The Buddha established a unique and profound relationship between the monastics and the lay community, which continues today in the Theravadan tradition. The monastic code requires the ordained Sangha to live in dependence upon the laity for all their physical needs. Because monks and nuns do not grow or prepare their own food and can only accept what is freely offered by laypeople, they cannot cut themselves off in a spiritual cocoon and must remain in a symbiotic relationship with society at large. This tradition has been successfully implemented for more than 2500 years.
The alms round or piṇḍapāta represents a tradition in which lay people offer food to monastics to support their spiritual practice for the day. Going for alms is not begging. Monks and nuns simply walk or stand silently, receiving what is given in kindness by those who feel inspired. Unable to handle money or store food, Clear Mountain’s monastics rely completely on such generosity for their one meal of the day, taken before noon.
On weekdays, food offerings may be made during the alms round at Pike Place Market from 7:10 – 7:40 am. On Saturdays, offerings may be made at the Saturday Morning Meditation, Teaching, & Potluck Brunch from 9:30 am – noon, during which all interested are welcome to gather in Volunteer Park in Capitol Hill, to the South of the Asian Art Museum. On Sundays, offerings may be made during visiting hours at the Southworth monastic residence from 8:30 – 10 am, during which those interested may also stay and visit with Tan Nisabho. On weekdays, offerings may also be made via food delivery to the Southworth monastic residence the day of at 9 am, or day before at 7 pm, in which case the residence stewards will receive the delivery and offer it the next morning.
To learn more and sign up to offer alms, visit the Daily Alms page.
Needed & Useful Material Items
Material requisites may be offered directly or sent by post to the address below. If you plan to offer, please email [email protected] so we can remove the item from the list and let you know when it arrives. Sadhu!
3739 Nokomis Rd SE
Port Orchard, WA 98366
In the spirit of Dhamma, all teachings are offered freely, with nothing expected in return. There are costs involved in providing for the shelter and basic living needs of resident monastics, and for other expenses such as renting retreat spaces. For this reason, people often ask if there is a way they may support our organization. Those who wish to donate may send funds to an account managed by Clear Mountain’s steward organization by clicking this link or the button below. Please note that, as the organization has yet to file as a non-profit, donations are not currently tax-deductible. If one wishes to give a larger amount or be notified when Clear Mountain gains 501(c)(3) status, please contact the email [email protected]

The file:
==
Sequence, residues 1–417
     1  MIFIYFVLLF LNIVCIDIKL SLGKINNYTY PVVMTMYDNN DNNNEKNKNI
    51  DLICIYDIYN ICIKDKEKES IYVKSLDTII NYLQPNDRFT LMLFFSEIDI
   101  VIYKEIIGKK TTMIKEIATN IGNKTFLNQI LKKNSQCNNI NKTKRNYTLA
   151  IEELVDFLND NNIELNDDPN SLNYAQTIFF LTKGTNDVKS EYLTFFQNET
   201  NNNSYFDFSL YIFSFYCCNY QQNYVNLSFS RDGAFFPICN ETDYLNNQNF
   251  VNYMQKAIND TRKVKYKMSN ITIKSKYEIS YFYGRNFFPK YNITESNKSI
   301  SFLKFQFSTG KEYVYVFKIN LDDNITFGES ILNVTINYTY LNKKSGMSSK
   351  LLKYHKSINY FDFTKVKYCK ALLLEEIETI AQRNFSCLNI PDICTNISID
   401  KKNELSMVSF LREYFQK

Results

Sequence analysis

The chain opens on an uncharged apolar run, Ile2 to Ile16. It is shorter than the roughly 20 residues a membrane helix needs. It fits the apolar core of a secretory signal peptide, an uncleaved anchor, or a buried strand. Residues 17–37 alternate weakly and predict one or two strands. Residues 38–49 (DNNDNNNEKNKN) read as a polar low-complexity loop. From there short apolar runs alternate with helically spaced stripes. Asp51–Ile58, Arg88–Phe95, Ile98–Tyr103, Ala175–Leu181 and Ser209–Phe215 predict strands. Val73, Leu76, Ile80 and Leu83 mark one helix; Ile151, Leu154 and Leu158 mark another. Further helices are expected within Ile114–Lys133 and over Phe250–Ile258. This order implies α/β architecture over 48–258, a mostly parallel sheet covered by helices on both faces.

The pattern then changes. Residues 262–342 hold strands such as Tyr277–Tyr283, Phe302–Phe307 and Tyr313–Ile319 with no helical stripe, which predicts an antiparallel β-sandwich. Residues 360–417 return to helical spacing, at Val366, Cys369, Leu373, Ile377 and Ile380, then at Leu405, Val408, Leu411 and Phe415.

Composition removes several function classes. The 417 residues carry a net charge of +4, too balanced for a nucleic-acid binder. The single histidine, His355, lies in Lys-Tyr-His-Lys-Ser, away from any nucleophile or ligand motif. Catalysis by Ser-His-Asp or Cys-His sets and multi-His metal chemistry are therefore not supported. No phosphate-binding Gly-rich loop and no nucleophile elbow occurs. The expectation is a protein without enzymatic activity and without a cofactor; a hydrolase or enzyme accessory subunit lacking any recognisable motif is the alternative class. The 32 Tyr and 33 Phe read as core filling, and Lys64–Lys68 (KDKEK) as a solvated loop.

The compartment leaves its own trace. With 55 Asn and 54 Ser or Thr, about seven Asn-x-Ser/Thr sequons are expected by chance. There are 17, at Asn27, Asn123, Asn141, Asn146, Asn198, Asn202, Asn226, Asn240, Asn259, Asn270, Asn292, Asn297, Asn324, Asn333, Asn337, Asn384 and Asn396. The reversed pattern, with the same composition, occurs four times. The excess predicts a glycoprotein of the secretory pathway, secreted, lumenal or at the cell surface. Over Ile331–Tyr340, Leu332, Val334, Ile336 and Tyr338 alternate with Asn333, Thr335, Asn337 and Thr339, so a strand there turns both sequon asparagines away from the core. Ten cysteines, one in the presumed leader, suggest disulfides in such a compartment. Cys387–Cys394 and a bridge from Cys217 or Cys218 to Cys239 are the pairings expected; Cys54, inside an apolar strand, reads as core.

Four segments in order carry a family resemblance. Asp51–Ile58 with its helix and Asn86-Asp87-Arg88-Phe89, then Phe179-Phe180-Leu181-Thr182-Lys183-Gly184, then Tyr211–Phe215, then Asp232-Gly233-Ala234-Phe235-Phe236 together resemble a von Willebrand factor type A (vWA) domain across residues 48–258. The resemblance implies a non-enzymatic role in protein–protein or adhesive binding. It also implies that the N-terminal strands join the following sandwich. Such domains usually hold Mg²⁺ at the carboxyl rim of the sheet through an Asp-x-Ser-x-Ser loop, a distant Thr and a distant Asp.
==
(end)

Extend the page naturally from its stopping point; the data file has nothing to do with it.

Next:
The History of Offering Help
During the past 2,500 years support for the monastic life has been entirely provided from lay supporters through daily acts of generosity. In this spirit, support in the form of work, money, foodstuffs, building materials or other help is both appreciated and needed. Your generosity allows the spiritual community to survive and to flourish.
Buddhism has managed to keep intact over the centuries the rich and vital interrelationship between lay and monastic communities set forth by the Buddha. Theravada monastics, although renunciants, are not permitted to be recluses. To ensure this the Buddha required that they be totally dependent upon the lay community for their physical support. Monks and nuns cannot handle money and they can only eat or drink that which is offered to them. At the same time, the monastic community provides an important function for the lay community by caring for their spiritual needs, and by providing moral and spiritual teachings and examples. The two communities, each essential to a balanced society, support and enrich one another.
For the lay community in the West, it is important to understand how the monks and nuns of the Theravada Buddhist sangha live from day-to-day. In Thailand the monastics are visible each morning, walking through the nearby villages with their almsbowls, receiving offerings of food for their daily meal. The Thai culture is one where the lay community fully acknowledges the dependence of the monastic community for physical needs such as food, cloth, and the requisites for their life. The monastics, because of their vows of renunciation, cannot buy these basic items for themselves. If the laypeople do not provide for them, they will go without. If we do not feed them, they will not eat. If we do not provide for their electricity bill, they will have no heat. If we value the presence of the monastic community it is important that we remember they need our support. The relationship that develops through this commitment to mutual support is a rewarding one, and the spiritual friendship between lay and monastic communities is a precious gift.